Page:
I’m all but certain that the only time I’ve ever had Eggs Benedict is from a breakfast buffet. I have no recollection of what the dish is like. But as your intrepid restaurant referee, I must chart unknown courses. Lay my tastebuds on the line.
Before I commence: Who’s this Benedict fellow, anyway? There’s no definitive answer, unfortunately, but here’s the one that’s most probable (endorsed by none other than the American Egg Board): In 1894, a stockbroker named Lemuel Benedict was wandering around the Waldorf Hotel in Manhattan in search of a hangover cure. He ordered “buttered toast, poached eggs, crisp bacon and Hollandaise sauce.” Chef Oscar Tschirky was impressed with the combination and added it to the menu. Over time, the toast was replaced with English muffin, and the bacon became Canadian.
These days, Eggs Benedict can include a variety of ingredients — The Frog Pond has 11 types on its menu — but for this Food Fight I chose to stay with the traditional version.
BENEDICT’S FAMILY RESTAURANT
Featuring this place was kind of a no-brainer, right?
I asked one of the servers if Benedict’s was named after Eggs Benedict. She didn’t know, and the place was so busy on Sunday at noon that I didn’t want to bother anyone else with the question.
The restaurant — near the corner of Park Boulevard and Belcher Road — is one of five locations, all in Pinellas County. The interior is a strictly functional space, crowded with tables, although the C-shaped breakfast counter near the front adds a nice old-school touch.
On this Sunday, Benedict’s was populated with a lot of seniors. Mustaches and white New Balance sneakers were common sights.
A brigade of servers — all women — buzzed around. There was little time for niceties, and that was okay.
Having never ordered Eggs Benedict before, and given the dish’s haughty name, I expected a more elaborate presentation. But then again, this wasn’t the Waldorf.
The two Benedicts — or is it two halves of the Benedict? — looked pretty imposing. I figured I was in for some richness. I had a hunch that the home fries would be my salivation.
Texture and Taste
One flavor grabbed my palate by the collar and shook it. The Canadian bacon was so smoke-flavored it was like it had sat next to someone’s fireplace in Saskatchewan for the better part of January. Too thick, too.
I struggled to give the Benny a fair shake, and Bonnie finally suggested I eat it without the meat. That helped, but even then the Hollandaise sauce was too lemony for my taste and overpowered the egg yolk. I tapped out after eating just one (or half).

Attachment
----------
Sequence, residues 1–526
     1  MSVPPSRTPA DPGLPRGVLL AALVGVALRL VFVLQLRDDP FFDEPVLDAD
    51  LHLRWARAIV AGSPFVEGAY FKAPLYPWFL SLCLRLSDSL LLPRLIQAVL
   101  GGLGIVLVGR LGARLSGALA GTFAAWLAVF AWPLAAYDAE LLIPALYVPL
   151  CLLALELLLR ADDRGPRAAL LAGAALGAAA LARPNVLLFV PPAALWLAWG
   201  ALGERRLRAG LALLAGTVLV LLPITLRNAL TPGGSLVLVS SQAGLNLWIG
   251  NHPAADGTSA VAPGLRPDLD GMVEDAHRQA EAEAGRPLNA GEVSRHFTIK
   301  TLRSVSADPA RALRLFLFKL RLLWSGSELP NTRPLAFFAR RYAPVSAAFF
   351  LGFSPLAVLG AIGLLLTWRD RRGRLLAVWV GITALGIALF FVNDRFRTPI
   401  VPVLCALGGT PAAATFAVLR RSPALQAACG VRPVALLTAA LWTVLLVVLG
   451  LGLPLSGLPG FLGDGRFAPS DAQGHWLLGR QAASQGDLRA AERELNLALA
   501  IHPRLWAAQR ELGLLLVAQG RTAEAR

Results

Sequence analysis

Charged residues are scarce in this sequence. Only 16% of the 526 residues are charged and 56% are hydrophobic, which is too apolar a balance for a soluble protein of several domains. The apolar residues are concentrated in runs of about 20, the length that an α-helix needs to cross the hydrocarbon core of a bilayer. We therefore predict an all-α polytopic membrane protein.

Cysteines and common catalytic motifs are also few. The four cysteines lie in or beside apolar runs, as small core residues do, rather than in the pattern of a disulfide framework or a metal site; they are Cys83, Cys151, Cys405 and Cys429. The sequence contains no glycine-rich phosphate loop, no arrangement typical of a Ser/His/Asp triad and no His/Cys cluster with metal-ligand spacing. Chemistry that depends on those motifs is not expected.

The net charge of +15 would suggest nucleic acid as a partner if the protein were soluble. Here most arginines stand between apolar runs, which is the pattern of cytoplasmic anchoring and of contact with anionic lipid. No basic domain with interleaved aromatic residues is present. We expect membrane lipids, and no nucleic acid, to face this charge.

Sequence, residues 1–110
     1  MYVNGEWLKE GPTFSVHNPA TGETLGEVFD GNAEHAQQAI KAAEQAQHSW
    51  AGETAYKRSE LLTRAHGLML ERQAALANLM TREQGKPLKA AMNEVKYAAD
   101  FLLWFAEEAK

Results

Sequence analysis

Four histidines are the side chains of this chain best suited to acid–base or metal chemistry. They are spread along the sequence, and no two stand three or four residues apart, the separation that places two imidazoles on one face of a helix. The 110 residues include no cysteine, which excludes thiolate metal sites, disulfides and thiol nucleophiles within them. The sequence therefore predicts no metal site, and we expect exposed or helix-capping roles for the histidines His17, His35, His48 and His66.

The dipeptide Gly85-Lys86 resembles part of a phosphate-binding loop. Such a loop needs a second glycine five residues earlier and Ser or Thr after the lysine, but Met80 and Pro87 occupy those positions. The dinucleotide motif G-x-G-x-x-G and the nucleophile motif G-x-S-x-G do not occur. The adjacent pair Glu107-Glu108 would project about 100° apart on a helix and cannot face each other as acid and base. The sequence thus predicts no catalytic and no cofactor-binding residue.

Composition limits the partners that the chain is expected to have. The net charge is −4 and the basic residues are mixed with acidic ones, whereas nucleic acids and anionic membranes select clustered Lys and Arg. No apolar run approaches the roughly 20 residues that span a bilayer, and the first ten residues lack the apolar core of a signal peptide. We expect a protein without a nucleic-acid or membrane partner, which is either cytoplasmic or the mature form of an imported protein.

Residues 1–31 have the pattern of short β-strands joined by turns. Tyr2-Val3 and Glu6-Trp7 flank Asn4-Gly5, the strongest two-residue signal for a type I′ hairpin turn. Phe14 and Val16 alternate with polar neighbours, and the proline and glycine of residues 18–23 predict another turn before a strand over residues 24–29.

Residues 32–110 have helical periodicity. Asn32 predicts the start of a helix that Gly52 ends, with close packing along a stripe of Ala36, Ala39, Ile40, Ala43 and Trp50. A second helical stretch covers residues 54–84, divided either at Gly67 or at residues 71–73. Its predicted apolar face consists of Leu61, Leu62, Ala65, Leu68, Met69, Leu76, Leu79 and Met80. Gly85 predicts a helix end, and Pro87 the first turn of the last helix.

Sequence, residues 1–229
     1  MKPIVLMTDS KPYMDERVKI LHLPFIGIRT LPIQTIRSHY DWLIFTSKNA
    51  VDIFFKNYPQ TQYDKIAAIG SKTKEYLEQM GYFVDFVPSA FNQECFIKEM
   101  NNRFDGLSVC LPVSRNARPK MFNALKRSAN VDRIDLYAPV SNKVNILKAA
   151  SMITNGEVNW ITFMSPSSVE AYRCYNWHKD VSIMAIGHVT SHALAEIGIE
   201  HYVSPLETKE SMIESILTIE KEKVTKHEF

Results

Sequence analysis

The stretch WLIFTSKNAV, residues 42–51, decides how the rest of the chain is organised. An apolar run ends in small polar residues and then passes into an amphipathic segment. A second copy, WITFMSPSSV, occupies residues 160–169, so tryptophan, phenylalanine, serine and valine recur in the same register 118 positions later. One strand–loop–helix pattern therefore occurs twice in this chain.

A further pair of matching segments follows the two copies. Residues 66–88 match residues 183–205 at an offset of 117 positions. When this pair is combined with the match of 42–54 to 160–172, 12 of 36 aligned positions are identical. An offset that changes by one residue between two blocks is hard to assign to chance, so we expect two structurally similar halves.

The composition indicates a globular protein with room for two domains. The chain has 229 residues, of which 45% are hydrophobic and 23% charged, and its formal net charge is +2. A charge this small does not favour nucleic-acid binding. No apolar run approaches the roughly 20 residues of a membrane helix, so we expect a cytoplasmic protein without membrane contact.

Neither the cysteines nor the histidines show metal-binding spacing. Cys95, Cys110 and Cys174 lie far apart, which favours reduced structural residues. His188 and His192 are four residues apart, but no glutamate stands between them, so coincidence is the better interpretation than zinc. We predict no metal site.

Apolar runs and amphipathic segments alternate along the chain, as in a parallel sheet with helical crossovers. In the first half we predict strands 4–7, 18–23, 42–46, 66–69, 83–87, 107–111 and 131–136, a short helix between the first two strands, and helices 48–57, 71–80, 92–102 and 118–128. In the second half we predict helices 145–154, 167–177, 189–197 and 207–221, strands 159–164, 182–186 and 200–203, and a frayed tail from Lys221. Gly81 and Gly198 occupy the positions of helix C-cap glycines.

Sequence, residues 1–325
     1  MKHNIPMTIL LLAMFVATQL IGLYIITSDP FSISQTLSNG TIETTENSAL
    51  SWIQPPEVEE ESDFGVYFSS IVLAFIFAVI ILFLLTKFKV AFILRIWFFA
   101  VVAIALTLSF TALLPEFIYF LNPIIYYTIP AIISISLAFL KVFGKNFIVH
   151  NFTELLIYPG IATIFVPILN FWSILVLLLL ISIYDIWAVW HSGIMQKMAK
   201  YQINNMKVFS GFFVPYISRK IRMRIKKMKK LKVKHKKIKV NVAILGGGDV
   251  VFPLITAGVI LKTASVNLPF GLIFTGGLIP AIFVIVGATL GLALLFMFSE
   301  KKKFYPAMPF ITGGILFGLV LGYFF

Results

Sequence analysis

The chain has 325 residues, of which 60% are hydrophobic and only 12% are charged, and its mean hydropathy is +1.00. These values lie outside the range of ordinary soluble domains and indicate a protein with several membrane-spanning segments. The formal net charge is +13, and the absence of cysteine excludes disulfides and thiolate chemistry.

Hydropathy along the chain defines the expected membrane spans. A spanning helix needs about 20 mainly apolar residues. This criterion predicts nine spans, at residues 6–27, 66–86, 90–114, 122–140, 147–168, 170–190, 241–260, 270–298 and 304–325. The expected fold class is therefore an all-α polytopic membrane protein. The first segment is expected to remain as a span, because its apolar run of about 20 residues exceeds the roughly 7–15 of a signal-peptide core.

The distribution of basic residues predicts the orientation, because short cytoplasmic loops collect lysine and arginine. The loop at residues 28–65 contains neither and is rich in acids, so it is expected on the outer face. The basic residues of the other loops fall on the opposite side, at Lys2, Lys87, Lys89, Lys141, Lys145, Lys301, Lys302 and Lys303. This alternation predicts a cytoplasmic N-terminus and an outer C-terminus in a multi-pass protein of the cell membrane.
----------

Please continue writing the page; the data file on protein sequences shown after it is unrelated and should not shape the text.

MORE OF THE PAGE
Big, big ups to the potatoes, though. They were the ideal size, perfectly cooked, moist, tender, delish. And the addition of a small bowl of fresh fruit was a nice addition.
THE FROG POND
When we showed up on Tuesday at 11, it was a gorgeous 80 degrees with low humidity, perhaps the last gasp of spring. The Frog Pond is a couple of blocks east of Tropicana Field in a tidy shopping center. I wore my faded Rays shirt.
The large, homey interior is outfitted in dark brown carpet and woods, offset by green walls festooned with cartoon frogs. Large vertical windows let in plenty of light. Palms and bushes lined a generous patio. We opted to dine indoors.
The original Frog Pond opened in 1982 on Redington Beach, followed by one on St. Pete Beach. The St. Pete location opened in 2017, shut down during the pandemic, then reopened under new ownership in April of 2022. It’s the only one of the three that’s a franchise.
Even though business was slow, a woman greeted us warmly as we entered, and our server, Heather, was a real pro.
At one point, Donna Summer’s “On the Radio” played faintly on the sound system, flashing me back to my days of bellbottoms, rayon shirts and high-heeled shoes. (What can I say? I liked to dance. Still do.)
These Bennies (shown in photo at top) didn’t stand as tall as the ones at Benedict’s. A bit of fluffy white something oozed onto the plate, giving me pause. Could it be some kind of whipped cheese? Whipped cream? It turned out to be egg white, a telltale sign of one well poached.
The potatoes, cubed, were not as appetizing as the competition’s.
Texture and Taste
Thankfully, the Canadian bacon wasn’t nearly as smokey as that of Benedict’s. I detected a hint of smoke, but it added to the overall flavor rather than dominated. The meat was also thinner and thus easier to cut and chew.
I don’t have much history with poached eggs, but these were so delicate and downy that I may have to add them to my repertoire.
The velvety Hollandaise had just a hint of lemon and played well with the runny yolk. The English muffin was chewy but not tough. All the elements combined for a nicely integrated flavor and texture. I effortlessly ate both Benedicts — or both halves of my Benedict.
The home fries, though, were a letdown: dry-ish and not nearly warm enough. I left half on the plate.
And the Winner of the Battle of the Benedicts Is …
The Frog Pond.
A lopsided decision, for one essential reason: I couldn’t get past the suffocating smokiness of the Canadian bacon at Benedict’s.